Read Next: Best Upland Hunting Boots

Best Sub-gauge: Fausti Caledon

Fausti

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Key Features

  • Gauge: 12, 20, 28, .410
  • Action: Four Locks
  • Capcity: Two
  • Chamber: 2¾- and 3-inch
  • Barrel Type: Chrome-lined steel
  • Barrel Length: 26-, 28-, or 30-inch
  • Chokes: C, IC, M, IM, F
  • Sights: Metallic front bead
  • LOP: 14½ inches
  • Weight: 5.8 to 6.2 pounds
  • Cost: $2,200

Pros

  • Superior action strength
  • Fausti makes some of the best shotgun barrels in the world

Cons

  • Fausti shotguns can be hard to find in the U.S., but distribution is improving

Fausti has two shotgun categories—Core and Boutique. The Caledon falls into the Core category, which means it’s more basic and meant as an introductory option. You don’t get fancy side plates or engravings, but I’ve handled many other break-action shotguns in this price range and none come close to the Caledon in terms of quality. The 28-gauge version is my personal favorite. Transitions from the steel receiver to the barrels and walnut stock and fore-end are flawless. The action opens smoothly the first time—not often the case for most over/unders at this price. The four-lock system adds strength to the action so the gun won’t break down over a lifetime of shooting. It’s a low-profile shotgun with a vent rib that is hardly noticeable when you bring the shotgun to your shoulder. The pistol grip stock fits nicely in the hand, and the balance of the Caledon is without equal in this price range.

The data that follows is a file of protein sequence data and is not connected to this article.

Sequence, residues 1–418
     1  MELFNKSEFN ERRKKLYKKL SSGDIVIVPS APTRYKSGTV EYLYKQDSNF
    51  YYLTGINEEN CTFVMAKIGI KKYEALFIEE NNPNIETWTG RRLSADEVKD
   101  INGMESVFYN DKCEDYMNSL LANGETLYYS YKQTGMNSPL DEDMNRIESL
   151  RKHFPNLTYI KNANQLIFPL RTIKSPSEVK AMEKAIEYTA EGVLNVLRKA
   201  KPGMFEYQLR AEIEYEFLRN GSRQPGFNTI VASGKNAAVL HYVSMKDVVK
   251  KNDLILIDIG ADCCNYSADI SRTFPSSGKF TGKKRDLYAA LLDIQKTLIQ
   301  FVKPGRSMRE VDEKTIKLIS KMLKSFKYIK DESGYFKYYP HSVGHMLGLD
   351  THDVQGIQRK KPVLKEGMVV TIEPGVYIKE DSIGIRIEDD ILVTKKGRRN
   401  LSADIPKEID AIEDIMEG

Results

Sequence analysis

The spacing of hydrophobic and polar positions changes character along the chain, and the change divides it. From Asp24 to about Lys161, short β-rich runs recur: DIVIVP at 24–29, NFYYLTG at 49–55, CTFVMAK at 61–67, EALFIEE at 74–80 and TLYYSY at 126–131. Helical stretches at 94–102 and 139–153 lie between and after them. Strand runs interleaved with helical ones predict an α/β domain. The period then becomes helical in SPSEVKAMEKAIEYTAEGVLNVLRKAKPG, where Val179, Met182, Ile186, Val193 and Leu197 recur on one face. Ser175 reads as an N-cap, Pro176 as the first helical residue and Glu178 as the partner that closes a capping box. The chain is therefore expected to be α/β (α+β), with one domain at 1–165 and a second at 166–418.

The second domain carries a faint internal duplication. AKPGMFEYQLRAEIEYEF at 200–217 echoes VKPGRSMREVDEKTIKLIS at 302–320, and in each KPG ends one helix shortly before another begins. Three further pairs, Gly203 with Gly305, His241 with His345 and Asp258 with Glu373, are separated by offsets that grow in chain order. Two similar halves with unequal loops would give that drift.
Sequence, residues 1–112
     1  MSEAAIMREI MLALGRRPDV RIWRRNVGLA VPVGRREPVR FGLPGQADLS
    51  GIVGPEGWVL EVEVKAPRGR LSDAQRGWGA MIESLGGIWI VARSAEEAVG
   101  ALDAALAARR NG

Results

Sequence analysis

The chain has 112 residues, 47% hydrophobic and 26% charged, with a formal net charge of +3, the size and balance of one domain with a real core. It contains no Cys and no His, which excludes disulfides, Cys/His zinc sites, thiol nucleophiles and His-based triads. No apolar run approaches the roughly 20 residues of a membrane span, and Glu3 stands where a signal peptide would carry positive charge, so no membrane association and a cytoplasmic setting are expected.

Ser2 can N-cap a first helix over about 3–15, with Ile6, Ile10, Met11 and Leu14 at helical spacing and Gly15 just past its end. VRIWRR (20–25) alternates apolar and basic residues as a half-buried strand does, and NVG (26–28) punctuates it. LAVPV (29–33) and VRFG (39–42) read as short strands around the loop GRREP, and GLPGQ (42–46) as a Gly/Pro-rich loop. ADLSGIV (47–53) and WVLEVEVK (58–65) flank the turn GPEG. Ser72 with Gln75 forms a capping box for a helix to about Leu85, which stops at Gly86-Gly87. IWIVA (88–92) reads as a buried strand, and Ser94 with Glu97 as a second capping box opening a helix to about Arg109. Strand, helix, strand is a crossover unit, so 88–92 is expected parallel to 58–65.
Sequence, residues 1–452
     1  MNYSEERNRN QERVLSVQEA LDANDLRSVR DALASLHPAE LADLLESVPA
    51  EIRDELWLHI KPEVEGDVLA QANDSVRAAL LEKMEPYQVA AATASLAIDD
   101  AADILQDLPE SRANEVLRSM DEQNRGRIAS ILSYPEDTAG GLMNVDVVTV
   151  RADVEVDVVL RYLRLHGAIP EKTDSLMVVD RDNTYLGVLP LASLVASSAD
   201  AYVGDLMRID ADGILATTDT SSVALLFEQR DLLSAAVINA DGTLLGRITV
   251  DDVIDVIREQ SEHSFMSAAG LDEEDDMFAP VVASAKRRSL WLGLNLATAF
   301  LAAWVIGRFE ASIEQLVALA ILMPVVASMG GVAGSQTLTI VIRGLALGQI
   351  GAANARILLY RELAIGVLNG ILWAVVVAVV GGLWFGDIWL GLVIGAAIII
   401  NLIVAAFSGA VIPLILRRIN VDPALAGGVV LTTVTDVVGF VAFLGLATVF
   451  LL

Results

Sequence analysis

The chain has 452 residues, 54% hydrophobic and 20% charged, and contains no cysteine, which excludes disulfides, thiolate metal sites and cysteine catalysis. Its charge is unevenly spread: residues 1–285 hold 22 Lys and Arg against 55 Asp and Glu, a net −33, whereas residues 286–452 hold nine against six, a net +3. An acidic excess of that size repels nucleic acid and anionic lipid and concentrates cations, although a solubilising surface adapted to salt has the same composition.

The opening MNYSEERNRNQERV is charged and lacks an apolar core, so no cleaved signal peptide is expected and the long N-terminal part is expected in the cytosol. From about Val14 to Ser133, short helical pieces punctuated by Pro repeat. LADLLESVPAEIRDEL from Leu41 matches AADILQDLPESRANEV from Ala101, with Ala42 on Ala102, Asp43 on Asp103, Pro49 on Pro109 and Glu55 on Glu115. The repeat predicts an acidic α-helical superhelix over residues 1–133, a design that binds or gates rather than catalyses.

Best Value: Tristar Trinity